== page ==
Wednesday, 13 November 2013
Matters of Urgency
Australian Automotive Industry
At the request of Senator Moore, I move:
That, in the opinion of the Senate, the following is a matter of urgency.
The failure of the Government to acknowledge the urgency of the crisis facing the Australian automotive industry, or act to avert it, and the anxiety this is causing for tens of thousands of Australian workers and their families about the future of the auto industry and their jobs.
I move this motion to bring the attention of the parliament to an emerging but preventable social catastrophe in this country. I speak here of the imminent demise of the Australian automotive industry. This has come about as a result of the government's inaction to meet the fundamental question about co-investment in the automotive industry.
What we do know is that the General Motors Investment Committee has been meeting for some time about the future investment of $1 billion for the Australian automotive industry. This is investment which would help modernise the plant and ensure the production of two new models and secure production for General Motors through to the middle of the next decade.
What we also know is that in October after the election of this government, the General Motors board met in Detroit to consider the decisions that the government in Australia had indicated it was prepared to make. My understanding is that the international board members looked upon the announcements, the public statements of members of the newly-elected government, as somewhat bizarre because nowhere else where General Motors produces motor cars—and there are over 20 countries in the world, over 168 plants across the globe—is there a discussion about whether or not those countries actually want an automotive industry. But in Australia that seems to be the case.
In the last few days the Executive Vice President Consolidated International Operations of General Motors, Mr Stefan Jacoby, has been in Australia to discuss with the local management the decisions and actions of the government in Australia. Along with Daniel Akerson, the CEO of General Motors, he is charged with making a recommendation to the board of General Motors to consider whether or not they proceed with the $1 billion investment in the General Motors plant and whether or not General Motors actually makes the decision to cease production in Australia. Those board discussions are underway on a monthly basis but the decision in terms of the actual investment may well be made as soon as December.
This is according to timetables that are well known in the industry; well known to the Liberal Party; well known to the Labor Party. Before last Christmas, the Liberal Party in opposition was fully briefed on the investment plans of the company and fully briefed on the business model that the company was preparing; as was the government. The government took those investment plans through, with some rigorous analysis, and made the decision that we would as a government reach a settlement with General Motors about the future investment, and we did announce before the election a new car plan for the 2020s to secure the investment in Australia for the future of the automotive industry. We made those decisions based on a very careful analysis of the social and economic consequences of not investing. What is very clear in this industry is that it actually costs you more to let the industry collapse than it does to sustain the co-investment.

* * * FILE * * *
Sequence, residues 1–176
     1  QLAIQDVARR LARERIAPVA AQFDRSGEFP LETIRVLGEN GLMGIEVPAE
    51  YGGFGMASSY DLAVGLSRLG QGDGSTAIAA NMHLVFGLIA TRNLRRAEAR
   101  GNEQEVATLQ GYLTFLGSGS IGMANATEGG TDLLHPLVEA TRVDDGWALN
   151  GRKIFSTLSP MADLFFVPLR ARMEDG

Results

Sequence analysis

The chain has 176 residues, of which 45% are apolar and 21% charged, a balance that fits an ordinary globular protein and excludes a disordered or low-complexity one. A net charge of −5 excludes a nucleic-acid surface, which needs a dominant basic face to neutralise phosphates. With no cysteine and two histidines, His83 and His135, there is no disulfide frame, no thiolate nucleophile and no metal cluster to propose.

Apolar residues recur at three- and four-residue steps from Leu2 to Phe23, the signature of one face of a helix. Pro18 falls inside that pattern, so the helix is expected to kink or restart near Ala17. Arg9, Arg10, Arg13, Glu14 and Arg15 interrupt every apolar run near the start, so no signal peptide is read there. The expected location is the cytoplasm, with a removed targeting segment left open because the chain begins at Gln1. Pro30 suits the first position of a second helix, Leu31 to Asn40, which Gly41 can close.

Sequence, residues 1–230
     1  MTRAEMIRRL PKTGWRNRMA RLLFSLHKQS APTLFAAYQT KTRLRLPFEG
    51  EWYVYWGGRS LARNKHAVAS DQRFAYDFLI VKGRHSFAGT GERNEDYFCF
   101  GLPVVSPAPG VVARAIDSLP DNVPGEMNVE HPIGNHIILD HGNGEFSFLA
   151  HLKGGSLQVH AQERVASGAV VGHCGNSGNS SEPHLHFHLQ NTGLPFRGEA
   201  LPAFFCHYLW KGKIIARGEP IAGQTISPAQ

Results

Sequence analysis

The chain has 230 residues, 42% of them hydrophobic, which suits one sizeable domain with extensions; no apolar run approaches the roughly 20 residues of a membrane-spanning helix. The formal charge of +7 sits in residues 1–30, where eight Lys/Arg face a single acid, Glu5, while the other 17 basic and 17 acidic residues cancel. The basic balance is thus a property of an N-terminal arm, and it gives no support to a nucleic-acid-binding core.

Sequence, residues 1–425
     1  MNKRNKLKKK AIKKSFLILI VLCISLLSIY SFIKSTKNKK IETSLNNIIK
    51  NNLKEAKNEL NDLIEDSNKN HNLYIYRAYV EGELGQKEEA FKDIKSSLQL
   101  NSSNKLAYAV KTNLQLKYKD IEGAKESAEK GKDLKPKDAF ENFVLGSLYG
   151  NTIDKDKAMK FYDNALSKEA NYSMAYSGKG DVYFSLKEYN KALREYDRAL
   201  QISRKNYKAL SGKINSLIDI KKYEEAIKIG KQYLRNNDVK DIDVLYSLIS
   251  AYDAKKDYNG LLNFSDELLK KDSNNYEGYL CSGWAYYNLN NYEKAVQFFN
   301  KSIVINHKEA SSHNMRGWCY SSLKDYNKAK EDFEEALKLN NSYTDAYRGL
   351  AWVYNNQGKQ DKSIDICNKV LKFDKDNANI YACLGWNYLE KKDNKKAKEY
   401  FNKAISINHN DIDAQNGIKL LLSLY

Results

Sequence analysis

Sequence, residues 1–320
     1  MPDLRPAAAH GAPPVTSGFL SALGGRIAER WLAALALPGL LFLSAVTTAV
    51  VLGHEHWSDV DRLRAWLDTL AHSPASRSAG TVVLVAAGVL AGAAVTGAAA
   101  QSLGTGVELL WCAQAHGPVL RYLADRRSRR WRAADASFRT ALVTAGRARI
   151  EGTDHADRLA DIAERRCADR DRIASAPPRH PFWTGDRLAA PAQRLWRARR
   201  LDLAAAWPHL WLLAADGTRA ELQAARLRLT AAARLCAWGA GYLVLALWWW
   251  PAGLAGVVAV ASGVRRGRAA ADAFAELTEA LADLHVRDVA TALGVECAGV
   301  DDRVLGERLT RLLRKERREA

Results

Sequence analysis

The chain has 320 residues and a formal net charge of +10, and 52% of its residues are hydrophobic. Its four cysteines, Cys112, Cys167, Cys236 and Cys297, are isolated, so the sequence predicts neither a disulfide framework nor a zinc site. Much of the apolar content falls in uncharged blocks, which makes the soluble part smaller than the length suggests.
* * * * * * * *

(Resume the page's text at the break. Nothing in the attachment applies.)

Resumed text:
So, when we look at the situation the way it is now, it is not some Mexican stand-off; no-one is holding a gun to anyone's head—as government ministers have been stating. The coalition's theatrics have in fact sought to obscure some simple facts. The international automotive companies are bound by the investment decisions they make at an international level. But competition for investment capital is actually very scarce within the automotive industry. Automotive companies make decisions not only in competition with one another but against other countries. The decisions made with respect to the global production schedules are made on the basis of international decisions, not on the basis of meeting some local parochial concern, like a provincial election, such as we have in the state of South Australia.